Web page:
It’s similar when you’re talking about musical artists in regards to volume and quality of output.  Do The Rolling Stones (or U2 or Stevie Wonder or Weezer or one of many other examples) have weaker discographies than because they kept putting out lackluster albums long after their peak?  You can argue that it makes their discography weaker on average, but does it diminish what they did before?  Some people might argue that producing annoying songs that get media exposure sours them on other things they liked that the band made.  And because of the subjectivity of music and the importance of the context of listening to it, they wouldn’t be wrong.  I wouldn’t personally agree with them, but it’s a reasonable reaction.  But for artists, since discographies aren’t really as comparable as albums, I prefer to think of them in relation to how much material they put out that I like, no matter how much stuff they did I didn’t like or when they happened to release it.

And then there are television shows.  Like music artists, they can go on for too many seasons, but how does this effect whether I want to call them a favorite?  Well, Seasons 3-8 (and probably 2-9) of The Simpsons are by far my favorite comedy of all-time.  The problem is that I’ve seen less than a handful of episodes of the show from the past decade, and there are now twice as many weaker seasons of the show than “Golden Age” seasons.  How can I justifiably call something my favorite comedy if I haven’t even seen half of it?  Dramas can also go on for far too long; I still want Netflix to give me the option to rate Dexter seasons 1-4 and Dexter seasons 5-8 separately.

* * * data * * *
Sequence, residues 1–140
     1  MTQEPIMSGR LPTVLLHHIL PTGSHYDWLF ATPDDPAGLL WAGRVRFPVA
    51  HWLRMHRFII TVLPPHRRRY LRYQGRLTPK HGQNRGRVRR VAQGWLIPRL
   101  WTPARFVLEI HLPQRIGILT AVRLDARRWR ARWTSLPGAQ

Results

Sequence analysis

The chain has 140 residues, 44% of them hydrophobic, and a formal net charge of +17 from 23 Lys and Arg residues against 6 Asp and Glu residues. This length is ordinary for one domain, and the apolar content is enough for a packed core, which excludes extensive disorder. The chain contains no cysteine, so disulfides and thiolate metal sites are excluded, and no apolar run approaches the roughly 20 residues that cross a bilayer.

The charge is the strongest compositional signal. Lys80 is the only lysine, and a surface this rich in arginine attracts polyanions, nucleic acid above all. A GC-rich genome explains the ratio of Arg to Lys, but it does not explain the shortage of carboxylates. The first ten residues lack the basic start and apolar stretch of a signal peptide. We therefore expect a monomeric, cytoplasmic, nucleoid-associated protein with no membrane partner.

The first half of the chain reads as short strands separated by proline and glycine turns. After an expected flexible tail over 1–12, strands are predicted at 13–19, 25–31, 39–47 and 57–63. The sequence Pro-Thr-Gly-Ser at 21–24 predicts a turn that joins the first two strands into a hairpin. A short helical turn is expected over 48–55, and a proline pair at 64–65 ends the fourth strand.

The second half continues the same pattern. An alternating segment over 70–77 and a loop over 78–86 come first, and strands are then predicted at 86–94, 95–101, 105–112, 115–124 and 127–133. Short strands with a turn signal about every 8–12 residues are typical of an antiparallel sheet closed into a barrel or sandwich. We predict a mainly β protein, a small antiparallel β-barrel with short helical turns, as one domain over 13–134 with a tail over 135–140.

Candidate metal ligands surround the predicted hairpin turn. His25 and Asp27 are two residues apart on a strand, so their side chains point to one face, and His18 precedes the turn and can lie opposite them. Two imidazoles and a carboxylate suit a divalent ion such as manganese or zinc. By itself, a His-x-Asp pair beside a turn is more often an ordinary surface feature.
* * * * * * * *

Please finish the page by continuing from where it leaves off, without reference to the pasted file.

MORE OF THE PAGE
Serialization is both a blessing and a curse.  It allows stories that would normally need to be told within an hour to be spread out and told in depth, and it encourages you to get through weaker episodes because there is a sense that it’ll be important in the end.  But it also means that it’s harder to go back and watch an episode by itself like you can with most comedies and older dramas, and continuing story lines both between and within seasons mean that you may be hooked into seeing what happens even when you have long stopped enjoying the series.  I’ve gotten better at dropping shows from the days when I watched all four seasons of Heroes even though only the first of was good, but even then I’ve stuck through two season of The Strain for some reason.